Am Fam Physician. 2021;103(1):53-54
Author disclosure: No relevant financial affiliations.
Are electronic cigarettes (e-cigarettes) effective for tobacco cessation in adults?
e-Cigarettes with nicotine can be used to encourage smoking cessation, but continued use after cessation may be a risk factor for relapse. (Strength of Recommendation [SOR]: B, based on a meta-analysis of two low-quality randomized controlled trials [RCTs].) e-Cigarettes with nicotine used for smoking cessation are more effective than e-cigarettes without nicotine (9% vs. 4% off cigarettes at six months). Nicotine e-cigarettes are more effective at one year than other forms of nicotine replacement (18% vs. 9.9% off cigarettes at one year), although 80% of abstinent patients will continue e-cigarette use. (SOR: B, based on a large RCT.)
A 2016 systematic review and meta-analysis evaluated the effect of using e-cigarettes to help patients who smoke achieve long-term smoking cessation.1 The study included two RCTs with 662 adults from New Zealand and Italy interested in smoking cessation and compared e-cigarettes with nicotine to e-cigarettes without nicotine (placebo). Patients using e-cigarettes abstained from smoking for at least six months at a higher rate than those using placebo e-cigarettes (9% vs. 4%, respectively; relative risk [RR] = 2.29; 95% CI, 1.05 to 4.96).1 There were no serious adverse effects related to e-cigarette use.1 The authors rated the overall quality of the evidence as low, with high risk of selection bias.
A 2019 pragmatic RCT with 886 patients from the United Kingdom who smoked cigarettes and were interested in quitting evaluated the one-year effectiveness of e-cigarettes with nicotine compared with other forms of nicotine replacement for smoking cessation. Patients had a median age of 41 years, and they smoked a median of 15 cigarettes per day. During randomization, researchers provided patients with an e-cigarette device and one 30-mL bottle of nicotine vaporizing fluid or three months of the nicotine replacement product of the patient's choosing (e.g., patch, gum, lozenge, nasal spray, inhaler, tabs, strips). All patients also received weekly one-on-one behavioral support for a minimum of four weeks after the randomization date. Researchers defined the primary outcome as patient-reported sustained abstinence at one year, corroborated by carbon monoxide testing. In the e-cigarette group, 18% of patients reported sustained abstinence at one year compared with 9.9% in the nicotine-replacement group (RR = 1.83; 95% CI, 1.30 to 2.58; number needed to treat = 12).2 However, at the end of follow-up, 80% of abstinent patients in the e-cigarette group continued to use e-cigarettes, whereas only 9% of abstinent patients in the nicotine replacement group still used nicotine replacement.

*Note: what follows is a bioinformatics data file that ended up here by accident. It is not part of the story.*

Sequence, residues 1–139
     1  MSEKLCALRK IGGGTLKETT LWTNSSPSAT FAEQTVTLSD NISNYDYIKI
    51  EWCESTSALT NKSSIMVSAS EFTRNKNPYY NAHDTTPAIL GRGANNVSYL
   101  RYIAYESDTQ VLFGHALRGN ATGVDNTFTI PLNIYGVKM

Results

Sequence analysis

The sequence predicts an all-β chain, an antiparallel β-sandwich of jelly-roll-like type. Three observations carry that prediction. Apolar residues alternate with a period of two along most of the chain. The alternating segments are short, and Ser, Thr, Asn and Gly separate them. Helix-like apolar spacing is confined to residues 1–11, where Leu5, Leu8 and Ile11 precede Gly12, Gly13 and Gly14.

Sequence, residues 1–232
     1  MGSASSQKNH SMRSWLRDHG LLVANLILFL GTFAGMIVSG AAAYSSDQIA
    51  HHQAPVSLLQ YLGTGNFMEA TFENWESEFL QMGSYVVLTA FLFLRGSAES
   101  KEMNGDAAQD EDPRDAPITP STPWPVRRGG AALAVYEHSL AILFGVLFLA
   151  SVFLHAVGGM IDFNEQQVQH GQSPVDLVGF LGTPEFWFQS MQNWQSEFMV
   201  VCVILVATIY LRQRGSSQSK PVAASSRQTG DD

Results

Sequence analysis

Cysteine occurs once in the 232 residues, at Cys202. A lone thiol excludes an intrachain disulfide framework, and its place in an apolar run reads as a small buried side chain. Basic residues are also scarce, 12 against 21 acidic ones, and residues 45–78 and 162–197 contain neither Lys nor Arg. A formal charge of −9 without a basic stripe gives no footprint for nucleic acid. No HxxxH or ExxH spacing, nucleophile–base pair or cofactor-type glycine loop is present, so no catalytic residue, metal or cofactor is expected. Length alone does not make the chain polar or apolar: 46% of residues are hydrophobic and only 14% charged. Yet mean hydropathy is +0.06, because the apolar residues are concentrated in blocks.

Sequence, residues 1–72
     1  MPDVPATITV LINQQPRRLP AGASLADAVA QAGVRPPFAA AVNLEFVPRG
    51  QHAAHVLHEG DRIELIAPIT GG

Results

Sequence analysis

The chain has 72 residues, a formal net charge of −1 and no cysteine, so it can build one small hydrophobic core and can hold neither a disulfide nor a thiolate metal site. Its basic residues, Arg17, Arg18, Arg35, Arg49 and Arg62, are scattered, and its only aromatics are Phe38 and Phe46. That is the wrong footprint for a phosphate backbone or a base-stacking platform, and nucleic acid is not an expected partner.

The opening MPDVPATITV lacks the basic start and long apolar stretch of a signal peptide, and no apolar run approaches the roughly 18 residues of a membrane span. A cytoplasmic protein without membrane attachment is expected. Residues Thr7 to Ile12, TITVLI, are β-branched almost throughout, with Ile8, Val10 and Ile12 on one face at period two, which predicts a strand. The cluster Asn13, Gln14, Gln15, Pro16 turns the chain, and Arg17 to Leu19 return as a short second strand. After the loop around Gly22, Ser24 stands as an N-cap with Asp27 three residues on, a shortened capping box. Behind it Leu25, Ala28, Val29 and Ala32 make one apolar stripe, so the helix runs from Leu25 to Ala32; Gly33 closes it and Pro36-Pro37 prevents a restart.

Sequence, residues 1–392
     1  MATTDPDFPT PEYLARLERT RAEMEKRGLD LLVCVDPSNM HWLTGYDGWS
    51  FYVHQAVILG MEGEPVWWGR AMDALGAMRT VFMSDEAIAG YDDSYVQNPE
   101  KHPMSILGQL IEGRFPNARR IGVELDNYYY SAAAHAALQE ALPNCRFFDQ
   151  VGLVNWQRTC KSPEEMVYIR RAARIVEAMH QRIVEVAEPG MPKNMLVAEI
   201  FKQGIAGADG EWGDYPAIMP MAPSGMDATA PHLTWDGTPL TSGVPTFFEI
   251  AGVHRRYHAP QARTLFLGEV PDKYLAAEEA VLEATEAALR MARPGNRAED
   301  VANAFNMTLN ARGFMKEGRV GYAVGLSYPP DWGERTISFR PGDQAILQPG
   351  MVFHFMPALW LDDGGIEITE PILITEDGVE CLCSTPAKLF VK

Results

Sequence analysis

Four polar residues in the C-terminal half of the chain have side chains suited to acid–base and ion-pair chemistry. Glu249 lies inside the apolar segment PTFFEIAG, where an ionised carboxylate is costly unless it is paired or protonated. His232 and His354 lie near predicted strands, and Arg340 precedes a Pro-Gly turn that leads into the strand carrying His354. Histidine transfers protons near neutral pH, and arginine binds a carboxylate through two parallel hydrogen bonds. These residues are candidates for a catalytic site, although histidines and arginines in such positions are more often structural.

A 2019 French cohort study enrolled 5,400 adult smokers and 2,025 adult former smokers who quit in 2010, the same year e-cigarettes became available in France. Researchers obtained annual surveys from patients about their cigarette and e-cigarette use for at least one year (mean 2.5 years) after enrollment. In multivariate analysis, patients who used e-cigarettes were more likely to quit smoking than those not using e-cigarettes (adjusted RR = 1.67; 95% CI, 1.51 to 1.84).3 However, among former smokers, e-cigarette use was associated with a higher rate of relapse (adjusted hazard ratio = 1.70; 95% CI, 1.25 to 2.30).
Recommendations from Others
The current guidelines from the American Cancer Society (ACS) recommend that clinicians advise patients to stop smoking and, if needed, to recommend U.S. Food and Drug Administration–approved cessation aids proven to support successful quit attempts.4 The ACS acknowledged that some smokers will not use these approved cessation aids. The ACS does not recommend the use of e-cigarettes as a cessation method.4